In the first production cycle, a decreasing quadratic model was fitted to the response of pseudostem girth at soil level to plant density. The model estimates the highest pseudostem girth as 91.89 cm for a plant density of 2,166.67 plants ha-1. In the second cycle, the fitted model predicts a 7.40% decrease in pseudostem girth when increasing plant density from 1,666 to 3,333 plants ha-1 (Figure 2B). In the first production cycle, the number of leaves at flowering averaged 19.60 leaves per plant; in the second cycle, a linear reduction of 14.59% was observed, with a decrease of 0.5 leaf for every 556 plants added to the stand of plants (Figure 2C).

Cycle x plant density and irrigation level x plant density interactions influenced total leaf area (TLA), data of which followed a quadratic pattern in the first cycle and a linear pattern in the second cycle (Figure 2D). In the first cycle, the highest TLA was estimated at 15.63 m2 for 2,458.33 plants ha-1. In the second cycle, the model estimates decreases of 1.03 m2 for every 556 plants added to a stand containing 1,666 plants ha-1, representing a fall of 16.04%. At irrigation level of 100% ETc, the lowest TLA was 16.17 m2 for 2,634.62 plants ha-1.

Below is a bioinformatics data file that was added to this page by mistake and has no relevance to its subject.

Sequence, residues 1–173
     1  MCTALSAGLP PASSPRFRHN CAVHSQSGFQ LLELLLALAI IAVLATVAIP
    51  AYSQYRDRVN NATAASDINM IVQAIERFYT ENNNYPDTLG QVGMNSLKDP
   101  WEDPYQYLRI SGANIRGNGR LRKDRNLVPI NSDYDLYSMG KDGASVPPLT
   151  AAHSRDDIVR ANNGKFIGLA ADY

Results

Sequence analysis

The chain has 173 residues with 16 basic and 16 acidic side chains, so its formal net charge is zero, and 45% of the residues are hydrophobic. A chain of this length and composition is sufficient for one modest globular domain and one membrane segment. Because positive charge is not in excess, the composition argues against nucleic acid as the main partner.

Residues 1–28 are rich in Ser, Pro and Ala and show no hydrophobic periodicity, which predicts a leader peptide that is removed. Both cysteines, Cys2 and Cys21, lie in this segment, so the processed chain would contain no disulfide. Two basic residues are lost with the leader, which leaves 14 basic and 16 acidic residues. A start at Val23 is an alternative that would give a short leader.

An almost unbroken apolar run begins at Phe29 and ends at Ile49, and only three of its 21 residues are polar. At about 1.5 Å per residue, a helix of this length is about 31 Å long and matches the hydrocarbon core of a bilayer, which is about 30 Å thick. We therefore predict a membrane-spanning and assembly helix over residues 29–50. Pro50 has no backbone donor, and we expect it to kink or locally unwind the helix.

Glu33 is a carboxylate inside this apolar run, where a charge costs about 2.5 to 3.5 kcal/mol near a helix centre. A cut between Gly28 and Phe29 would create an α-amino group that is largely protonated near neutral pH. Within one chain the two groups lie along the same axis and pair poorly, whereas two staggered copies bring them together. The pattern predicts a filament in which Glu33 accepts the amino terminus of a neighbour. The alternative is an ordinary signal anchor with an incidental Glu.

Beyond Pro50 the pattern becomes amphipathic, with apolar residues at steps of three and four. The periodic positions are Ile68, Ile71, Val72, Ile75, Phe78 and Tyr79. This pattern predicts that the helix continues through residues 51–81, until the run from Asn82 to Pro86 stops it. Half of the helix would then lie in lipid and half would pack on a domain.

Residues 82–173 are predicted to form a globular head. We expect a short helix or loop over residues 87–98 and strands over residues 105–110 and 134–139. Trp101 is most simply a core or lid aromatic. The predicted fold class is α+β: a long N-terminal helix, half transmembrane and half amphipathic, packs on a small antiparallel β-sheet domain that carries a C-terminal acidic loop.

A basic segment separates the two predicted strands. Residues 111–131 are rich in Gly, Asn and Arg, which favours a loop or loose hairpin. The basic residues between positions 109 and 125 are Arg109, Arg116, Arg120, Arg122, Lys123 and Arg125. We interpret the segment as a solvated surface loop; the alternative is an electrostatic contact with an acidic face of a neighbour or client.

As for irrigation levels, TLA had a decreasing quadratic response to 100% ETc and a decreasing linear response to irrigation levels at 50 and 75% ETc (Figure 2E). The fitted models for irrigation levels at 50% and 75% ETc estimate decreases of 1.16 and 0.71 m2 for every 556 plants added, which results in decreases of 18.58% and 12.13% in TLA, respectively.

Increasing linear models were fitted to the response of LAI to irrigation levels at 50, 75 and 100% ETc as a function of plant density (Figure 2F). For a plant density of 1,666 plants ha-1, LAI values increased from 3.22, 2.98 and 2.57 m2 m-2 to 5.05, 5.20 and 5.26 m2 m-2 when raising plant density from 1,666 to 3.333 plants ha-1 for irrigation levels at 50, 75 and 100% ETc, respectively; in terms of percentage, these changes corresponded to increases of 56.81, 74.14 and 104.43%. Leaf area indexes between 4 and 5 m2 m-2 resulted from increased plant density allow plants to intercept 95% of the photosynthetically active radiation (TURNER et al., 2007), positively affecting yield (PEREIRA et al., 2000; SCARPARE FILHO; KLUGE, 2001; ROSALES et al., 2008, CAVALCANTE et al., 2014; ULLOA CORTAZAR et al., 2017; PRATA et al., 2018) as well as controlling weeds (LANZA et al., 2017; ULLOA CORTAZAR et al., 2017) and Sigatokas (CAVALCANTE et al., 2014) due to increased shading.